The United States could generate enough energy each year by harnessing waste – from landfill decline to cow dung – to power the states of Oregon and Washington, all whereas cutting the equivalent of 37 million cars’ worth of carbon.
That’s according to research revealed in Nature Energy from UCLA industrial ecologist and energy economist Deepak Rajagopal and urban planning doctoral candidate Bo Liu.
“The benefit of utilizing waste is that we’re generating waste anyway. It’s a useful leftover resource that we have not conventionally thought about,” Liu stated.
The types of waste examined within the paper match under the umbrella of bioenergy—renewable resources which can be obtained from changing plant and animal materials into electrical energy, biofuels, or warmth. Whereas the U.S. does not produce power from waste on a big scale, Liu mentioned, the processes for obtaining power from organic materials are well established. European waste-to-energy plants, for instance, processed 106 million tons of waste in 2017, in keeping with the Confederation of European Waste-to-Energy Plants.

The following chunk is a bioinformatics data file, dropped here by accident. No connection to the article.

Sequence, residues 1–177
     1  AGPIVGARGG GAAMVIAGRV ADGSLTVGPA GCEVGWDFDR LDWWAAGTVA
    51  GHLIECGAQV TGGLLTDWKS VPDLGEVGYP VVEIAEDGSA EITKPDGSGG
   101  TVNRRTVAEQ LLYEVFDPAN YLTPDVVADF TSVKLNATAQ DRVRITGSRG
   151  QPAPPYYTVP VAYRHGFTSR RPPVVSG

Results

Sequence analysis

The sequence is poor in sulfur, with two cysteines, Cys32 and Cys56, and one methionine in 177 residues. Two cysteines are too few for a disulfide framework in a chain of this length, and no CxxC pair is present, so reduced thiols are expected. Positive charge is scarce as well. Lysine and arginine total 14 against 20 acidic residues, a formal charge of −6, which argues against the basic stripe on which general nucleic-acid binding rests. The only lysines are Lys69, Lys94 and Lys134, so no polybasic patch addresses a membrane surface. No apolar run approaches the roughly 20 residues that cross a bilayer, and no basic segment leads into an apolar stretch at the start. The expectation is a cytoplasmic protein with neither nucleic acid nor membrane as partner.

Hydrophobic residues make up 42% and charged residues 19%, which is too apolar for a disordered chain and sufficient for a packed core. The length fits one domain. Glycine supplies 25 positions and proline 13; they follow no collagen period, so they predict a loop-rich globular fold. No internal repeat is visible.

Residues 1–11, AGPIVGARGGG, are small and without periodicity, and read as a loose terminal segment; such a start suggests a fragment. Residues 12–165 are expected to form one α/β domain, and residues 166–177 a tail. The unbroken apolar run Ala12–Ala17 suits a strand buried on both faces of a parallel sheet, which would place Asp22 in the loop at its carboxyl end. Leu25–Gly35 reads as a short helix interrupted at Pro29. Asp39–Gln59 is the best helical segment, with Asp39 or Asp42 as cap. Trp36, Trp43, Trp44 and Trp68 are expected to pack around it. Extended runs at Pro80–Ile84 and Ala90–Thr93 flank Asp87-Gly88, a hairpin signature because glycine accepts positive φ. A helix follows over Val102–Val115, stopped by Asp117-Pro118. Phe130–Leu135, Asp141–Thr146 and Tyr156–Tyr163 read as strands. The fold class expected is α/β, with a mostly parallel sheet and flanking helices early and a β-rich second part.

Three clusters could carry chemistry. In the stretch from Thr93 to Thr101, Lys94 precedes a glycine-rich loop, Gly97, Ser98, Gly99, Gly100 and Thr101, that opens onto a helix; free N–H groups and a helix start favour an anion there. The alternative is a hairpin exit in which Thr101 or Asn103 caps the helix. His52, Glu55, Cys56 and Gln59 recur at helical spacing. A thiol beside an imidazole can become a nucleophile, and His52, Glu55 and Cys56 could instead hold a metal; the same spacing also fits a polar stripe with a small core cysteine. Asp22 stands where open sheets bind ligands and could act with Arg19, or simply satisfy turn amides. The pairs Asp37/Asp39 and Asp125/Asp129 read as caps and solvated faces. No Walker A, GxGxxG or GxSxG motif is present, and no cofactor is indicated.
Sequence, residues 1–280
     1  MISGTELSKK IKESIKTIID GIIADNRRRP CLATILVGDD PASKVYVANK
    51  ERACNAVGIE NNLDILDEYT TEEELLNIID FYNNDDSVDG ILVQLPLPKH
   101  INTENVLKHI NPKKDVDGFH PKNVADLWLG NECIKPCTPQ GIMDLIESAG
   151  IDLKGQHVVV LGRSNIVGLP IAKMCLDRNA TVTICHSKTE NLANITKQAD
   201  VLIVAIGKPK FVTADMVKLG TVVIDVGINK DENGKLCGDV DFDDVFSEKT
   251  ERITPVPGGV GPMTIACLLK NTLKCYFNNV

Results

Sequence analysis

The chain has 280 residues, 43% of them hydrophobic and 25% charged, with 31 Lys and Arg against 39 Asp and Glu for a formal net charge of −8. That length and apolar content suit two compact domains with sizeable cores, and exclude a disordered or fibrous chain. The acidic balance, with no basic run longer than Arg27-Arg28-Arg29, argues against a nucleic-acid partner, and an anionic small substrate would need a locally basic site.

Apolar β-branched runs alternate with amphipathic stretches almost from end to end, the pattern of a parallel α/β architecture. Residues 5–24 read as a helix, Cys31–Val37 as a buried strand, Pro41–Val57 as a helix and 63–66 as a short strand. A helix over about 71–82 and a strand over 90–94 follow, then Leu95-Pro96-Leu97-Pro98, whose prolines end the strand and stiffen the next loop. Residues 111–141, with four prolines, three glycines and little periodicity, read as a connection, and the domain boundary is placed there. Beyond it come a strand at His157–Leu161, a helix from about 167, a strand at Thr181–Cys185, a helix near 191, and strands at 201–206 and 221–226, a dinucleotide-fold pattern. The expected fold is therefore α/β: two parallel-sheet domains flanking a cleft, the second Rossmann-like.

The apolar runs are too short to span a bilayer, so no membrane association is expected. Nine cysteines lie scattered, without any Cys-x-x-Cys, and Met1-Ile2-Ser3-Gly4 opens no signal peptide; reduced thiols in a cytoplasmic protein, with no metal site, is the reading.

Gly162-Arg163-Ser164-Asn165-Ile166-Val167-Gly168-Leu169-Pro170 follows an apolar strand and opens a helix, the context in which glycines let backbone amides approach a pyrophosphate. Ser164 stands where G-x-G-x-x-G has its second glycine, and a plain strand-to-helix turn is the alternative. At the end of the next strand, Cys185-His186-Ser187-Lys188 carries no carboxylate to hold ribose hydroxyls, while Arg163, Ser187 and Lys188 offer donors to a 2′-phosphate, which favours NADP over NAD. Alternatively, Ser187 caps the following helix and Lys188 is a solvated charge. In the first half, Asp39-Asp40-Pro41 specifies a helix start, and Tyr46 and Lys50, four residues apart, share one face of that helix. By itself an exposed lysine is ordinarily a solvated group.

Biofuel is one sort of bioenergy that’s widely produced within the U.S.—almost all of it coming from agriculture. In 2011, 96% of the ethanol produced within the U.S. came from corn, according to the Biomass Energy Data Guide.
Policymakers and enterprise pursuits have promoted biofuels from crops for many years. In 2005, Congress handed standards that require incorporation of renewable fuels in gasoline and other transportation fuels. The U.S. additionally spent billions of taxpayer dollars subsidizing ethanol over the past 35 years.
However, crop-based ethanol creates different issues—including increased food prices and environmental damage from expanding agriculture, such as habitat destruction, fertilizer runoff, and water use. These results have led some experts to name for reducing its use.
“The U.S. has tried biofuels, and they’re important because we need more renewables, but we want better biofuels,” Rajagopal said.